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    Oct 06, 2016

    E-bikers make up bulk of unsafe riders: LTA

    SIXTY per cent of the 700 cyclists and personal mobility device (PMD) users caught by the Land Transport Authority (LTA) for unsafe riding since May were e-bikers who were caught zooming down the footpaths.

    The remaining 40 per cent were caught for offences including not having a light while riding at night, reckless riding and speeding.

    In May, LTA launched its Active Mobility Enforcement team to police the foot- and cycling paths, and has conducted over 400 enforcement operations across the island, the authority said in a statement yesterday.

    Right now, they are issuing only advisories to errant riders and handing out brochures on safe riding.

    This is because the legislative changes that will give them powers to issue fines are not yet law - they will likely be debated in Parliament before the end of the year.

    The changes will allow use of bicycles and PMDs on footpaths, to encourage the use of these devices for short trips.

    E-bikes, however, will be allowed only on cycling paths, park connectors and the road.

    Yesterday, a team of eight LTA officers conducted a two-hour morning enforcement exercise in Taman Jurong, together with the Traffic Police.

    The area is well plied by residents who cycle or use other PMDs to get to work in the Jurong Port vicinity.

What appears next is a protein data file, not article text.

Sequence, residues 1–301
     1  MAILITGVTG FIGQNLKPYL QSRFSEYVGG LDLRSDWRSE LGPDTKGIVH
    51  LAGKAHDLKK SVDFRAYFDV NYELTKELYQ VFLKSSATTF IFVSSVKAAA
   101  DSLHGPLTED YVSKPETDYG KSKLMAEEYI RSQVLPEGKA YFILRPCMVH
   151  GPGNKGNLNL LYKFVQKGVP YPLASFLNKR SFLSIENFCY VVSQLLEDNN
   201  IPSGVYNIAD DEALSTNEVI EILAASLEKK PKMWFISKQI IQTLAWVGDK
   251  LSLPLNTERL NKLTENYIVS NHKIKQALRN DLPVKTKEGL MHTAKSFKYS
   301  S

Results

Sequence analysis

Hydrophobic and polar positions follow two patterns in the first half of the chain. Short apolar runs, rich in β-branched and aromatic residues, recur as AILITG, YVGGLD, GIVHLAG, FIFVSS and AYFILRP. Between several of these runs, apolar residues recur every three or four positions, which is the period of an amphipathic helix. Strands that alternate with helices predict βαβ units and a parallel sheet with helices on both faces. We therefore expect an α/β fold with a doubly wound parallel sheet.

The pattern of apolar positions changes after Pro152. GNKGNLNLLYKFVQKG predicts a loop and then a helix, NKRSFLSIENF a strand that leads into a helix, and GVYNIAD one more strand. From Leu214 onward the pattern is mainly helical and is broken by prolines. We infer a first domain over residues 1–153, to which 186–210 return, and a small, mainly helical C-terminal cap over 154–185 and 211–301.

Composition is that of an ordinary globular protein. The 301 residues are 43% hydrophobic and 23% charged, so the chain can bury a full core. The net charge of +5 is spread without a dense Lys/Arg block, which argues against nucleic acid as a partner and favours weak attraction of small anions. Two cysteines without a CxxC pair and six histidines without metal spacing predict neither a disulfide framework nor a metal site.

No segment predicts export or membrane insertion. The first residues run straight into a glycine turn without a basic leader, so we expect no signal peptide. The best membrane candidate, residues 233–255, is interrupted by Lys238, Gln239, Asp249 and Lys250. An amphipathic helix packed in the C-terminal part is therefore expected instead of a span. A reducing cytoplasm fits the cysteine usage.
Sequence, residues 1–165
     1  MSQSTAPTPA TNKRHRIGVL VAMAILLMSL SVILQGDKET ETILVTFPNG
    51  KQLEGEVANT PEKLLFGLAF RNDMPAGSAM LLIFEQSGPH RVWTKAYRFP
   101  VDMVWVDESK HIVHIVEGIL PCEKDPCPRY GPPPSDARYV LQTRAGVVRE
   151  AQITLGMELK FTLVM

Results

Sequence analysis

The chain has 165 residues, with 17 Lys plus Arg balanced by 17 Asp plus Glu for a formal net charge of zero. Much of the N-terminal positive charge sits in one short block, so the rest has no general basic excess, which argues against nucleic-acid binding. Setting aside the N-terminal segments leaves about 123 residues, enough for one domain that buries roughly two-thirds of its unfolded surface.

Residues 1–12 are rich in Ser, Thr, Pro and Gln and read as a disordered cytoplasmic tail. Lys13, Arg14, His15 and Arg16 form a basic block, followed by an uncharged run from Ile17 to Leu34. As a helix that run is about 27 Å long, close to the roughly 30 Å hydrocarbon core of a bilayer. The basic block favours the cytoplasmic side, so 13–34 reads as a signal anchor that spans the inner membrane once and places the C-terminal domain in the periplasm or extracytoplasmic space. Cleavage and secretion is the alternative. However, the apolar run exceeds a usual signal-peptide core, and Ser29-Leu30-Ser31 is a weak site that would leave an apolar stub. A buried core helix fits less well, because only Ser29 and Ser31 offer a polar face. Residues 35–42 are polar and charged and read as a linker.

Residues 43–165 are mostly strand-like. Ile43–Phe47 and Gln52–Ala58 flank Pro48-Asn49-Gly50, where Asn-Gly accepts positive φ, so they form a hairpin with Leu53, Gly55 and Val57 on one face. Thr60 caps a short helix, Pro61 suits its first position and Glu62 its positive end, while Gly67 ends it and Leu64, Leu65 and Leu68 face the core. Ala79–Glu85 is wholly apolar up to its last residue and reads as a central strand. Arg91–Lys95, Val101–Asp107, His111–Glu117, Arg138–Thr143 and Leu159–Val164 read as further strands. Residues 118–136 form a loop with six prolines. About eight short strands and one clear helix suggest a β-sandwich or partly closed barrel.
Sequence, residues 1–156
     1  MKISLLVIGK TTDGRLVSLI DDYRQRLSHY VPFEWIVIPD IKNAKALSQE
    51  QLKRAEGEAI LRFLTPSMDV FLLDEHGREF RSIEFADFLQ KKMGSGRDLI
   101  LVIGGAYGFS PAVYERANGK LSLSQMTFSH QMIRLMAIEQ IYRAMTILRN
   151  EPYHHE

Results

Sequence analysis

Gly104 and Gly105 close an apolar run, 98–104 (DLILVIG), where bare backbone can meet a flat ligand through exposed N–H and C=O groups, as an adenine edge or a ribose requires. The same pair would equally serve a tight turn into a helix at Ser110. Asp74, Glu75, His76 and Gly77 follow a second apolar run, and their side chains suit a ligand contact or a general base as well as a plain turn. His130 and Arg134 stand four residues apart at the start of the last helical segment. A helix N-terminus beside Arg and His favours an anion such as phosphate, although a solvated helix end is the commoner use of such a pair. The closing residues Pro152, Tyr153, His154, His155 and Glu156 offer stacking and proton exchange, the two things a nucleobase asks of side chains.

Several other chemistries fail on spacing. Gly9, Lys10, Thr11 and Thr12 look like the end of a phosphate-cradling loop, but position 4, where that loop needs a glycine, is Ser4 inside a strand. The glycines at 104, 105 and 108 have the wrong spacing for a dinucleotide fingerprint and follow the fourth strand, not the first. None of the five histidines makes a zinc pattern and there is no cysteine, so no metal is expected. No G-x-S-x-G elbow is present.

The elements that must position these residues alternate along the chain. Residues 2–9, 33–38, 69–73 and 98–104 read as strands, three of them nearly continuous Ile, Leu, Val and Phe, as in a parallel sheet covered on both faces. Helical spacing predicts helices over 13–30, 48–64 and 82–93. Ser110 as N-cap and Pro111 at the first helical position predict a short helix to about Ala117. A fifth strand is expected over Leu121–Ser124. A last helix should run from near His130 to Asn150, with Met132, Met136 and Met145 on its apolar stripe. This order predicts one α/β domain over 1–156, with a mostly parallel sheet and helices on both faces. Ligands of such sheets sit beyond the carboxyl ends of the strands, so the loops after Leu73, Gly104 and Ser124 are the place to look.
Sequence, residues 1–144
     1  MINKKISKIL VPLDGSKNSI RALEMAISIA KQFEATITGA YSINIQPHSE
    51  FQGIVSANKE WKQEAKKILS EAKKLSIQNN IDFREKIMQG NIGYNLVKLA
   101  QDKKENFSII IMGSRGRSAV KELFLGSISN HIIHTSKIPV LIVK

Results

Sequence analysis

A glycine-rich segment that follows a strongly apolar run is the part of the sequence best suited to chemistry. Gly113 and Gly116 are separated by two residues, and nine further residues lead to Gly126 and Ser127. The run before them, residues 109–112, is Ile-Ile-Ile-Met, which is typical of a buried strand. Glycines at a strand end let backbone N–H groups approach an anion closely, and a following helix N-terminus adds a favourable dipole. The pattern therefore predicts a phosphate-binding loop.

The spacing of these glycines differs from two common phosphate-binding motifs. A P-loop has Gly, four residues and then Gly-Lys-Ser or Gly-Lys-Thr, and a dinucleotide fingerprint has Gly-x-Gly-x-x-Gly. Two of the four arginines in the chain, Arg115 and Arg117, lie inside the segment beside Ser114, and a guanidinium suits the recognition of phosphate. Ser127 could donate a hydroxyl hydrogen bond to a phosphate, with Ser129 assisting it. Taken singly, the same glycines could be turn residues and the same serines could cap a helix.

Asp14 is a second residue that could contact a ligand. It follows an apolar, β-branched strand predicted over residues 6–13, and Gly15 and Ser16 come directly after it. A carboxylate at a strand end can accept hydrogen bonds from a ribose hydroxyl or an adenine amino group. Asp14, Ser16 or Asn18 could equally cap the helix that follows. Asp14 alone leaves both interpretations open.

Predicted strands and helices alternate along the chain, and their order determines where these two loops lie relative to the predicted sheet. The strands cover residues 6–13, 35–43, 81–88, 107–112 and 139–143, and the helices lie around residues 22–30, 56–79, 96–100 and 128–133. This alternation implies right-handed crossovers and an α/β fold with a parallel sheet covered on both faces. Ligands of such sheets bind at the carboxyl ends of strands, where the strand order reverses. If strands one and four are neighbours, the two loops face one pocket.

The officers were keeping an eye out for reckless riders, and those using PMDs that did not meet weight criteria or speed limits, said Willy Soo, deputy manager at the Active Mobility Enforcement section.

    The upcoming rules will set a speed limit of 15kmh on footpaths, and require all PMDs to be under 20kg.

    Besides giving out about 360 brochures, the officers also checked electric bicycles in case they were illegally modified. Those whose bikes looked to be illegally modified will need further inspections.

    Five advisories were also handed out for offences that included failing to give way to pedestrians.

    Forklift driver Michael Lee, 53, was on his way to work on his e-bike when he was stopped by officers.

    It was not modified so Mr Lee was allowed to continue on after being a given a safe riding brochure.

    "I just want to go to work, I don't need to go fast," he said.

    But he added that speedsters on e-bikes were common in the area, with many modifying their rides to look like motorcycles.